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Time for Dublin to go high rise.

  • 01-12-2017 8:44pm
    #1
    Closed Accounts Posts: 1,487 ✭✭✭ Mutant z


    With the population of this country projected to increase by over a million in the next few decades and most of this growth expected to be in and around the Dublin area surely the time has come for the city to start to build upwards to combat uncontrollable ugly urban sprawl. The current system of low rise is no longer sustainable in a rapidly growing met area which is expected to have a population of over 2 million by the start of the 2020s, high rise needs to be the future to combat the needs of this increased population growth.


Comments

  • Registered Users Posts: 9,183 ✭✭✭ sdanseo


    Agree 100%. There have been a few threads about this so perhaps a merge, but generally speaking our very limited SDZs for high rise development above 20 sotreys in Dublin are too little and too late.

    We need to be making 8 storeys the minimum for any development within the canals. Positive step made recently in this regard with the need for parking provision removed or to be shortly removed for new apartments.

    I saw an article a few years back stating that the Greater Dublin Area had the commuter footprint of LA but with an eighth of the population. And LA is for the most part, even by US standards, a very flat city.


  • Registered Users Posts: 2,676 ✭✭✭ Skatedude


    Cant go up unless we go down first. The current infrastructure can not handle more people living in the same area without dealing with transport etc.
    Until they cop on and start on an underground, going up will just make things worse.


  • Closed Accounts Posts: 1,487 ✭✭✭ Mutant z


    It will surely benefit those who work in the city centre who have to commute from Kildare and Meath every morning, many would prefer the option of having something suitable to live in the city instead of the long commutes in the morning.


  • Registered Users Posts: 27 ✭✭✭ spucey2


    To be honest. the government needs to set higher minimum standards for apartments if they want people to live in them long term.
    Mainly, builders cheaping out on material/engineers signing off on sub par work.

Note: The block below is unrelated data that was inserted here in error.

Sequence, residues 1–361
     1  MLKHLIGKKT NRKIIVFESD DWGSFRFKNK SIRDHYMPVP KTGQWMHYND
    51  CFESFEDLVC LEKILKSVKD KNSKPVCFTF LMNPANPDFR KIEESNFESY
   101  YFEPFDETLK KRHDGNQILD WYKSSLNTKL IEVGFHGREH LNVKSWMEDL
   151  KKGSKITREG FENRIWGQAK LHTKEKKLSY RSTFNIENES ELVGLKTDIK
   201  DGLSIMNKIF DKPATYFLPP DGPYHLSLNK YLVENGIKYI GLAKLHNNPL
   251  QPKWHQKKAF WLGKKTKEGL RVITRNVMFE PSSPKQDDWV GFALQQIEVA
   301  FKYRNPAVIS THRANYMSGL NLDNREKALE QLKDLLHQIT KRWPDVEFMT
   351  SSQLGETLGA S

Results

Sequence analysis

You shouldn't be able to hear your neighbours every movement. You shouldn't be able to hear water pipes (outside of those from your own apartment)

    All apartments should have a noise associated with it( much like the heating/insulation) grade they currently have.

    Course developers will complain that this increases cost. It does..but marginally so. They'll also say if affects their ability to build on that site but that's absolute boll**x.

    Minister for Housing/local councils should spend some more time worrying about those who work & thus bear the cost.

    Builders throw up seriously sub par apartments..then walk away from them.


  • Registered Users Posts: 17,521 ✭✭✭✭ Idbatterim


    The noise issue in apartments is a joke. Totally agreed. The cost of apartments being dual aspect. The lift core ratio and parking all cost a fortune. Most of us even on decent salaries can forget ever owning even an average apartment in an average area, if they maintain the ridiculous elements I have outlined. Cost of property massively riding, pay increases if you even get one after tax are minimal

    Also I wonder if one beds banned. You get a second bedroom, would only ad fee percent to build cost, the expensive kitchen bathroom etc are there. You double bedroom space. Only takes up extra 15%-20% space in apartment. Offers a number of advantages though obviously over a one bed


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  • Registered Users Posts: 881 ✭✭✭ Bray Head


    Government should be in the business of regulating public goods, not private goods.

    For apartments public goods are things like fire safety and noise reduction.

    Private goods are apartment size, aspect and parking spaces.


  • Registered Users Posts: 1,296 ✭✭✭ Bits_n_Bobs


    Bray Head wrote: »
    Government should be in the business of regulating public goods, not private goods.

    For apartments public goods are things like fire safety and noise reduction.

    Private goods are apartment size, aspect and parking spaces.

    Lack of regulation in the "private" banks worked out well. Good regulations are essential in every market.


  • Registered Users Posts: 881 ✭✭✭ Bray Head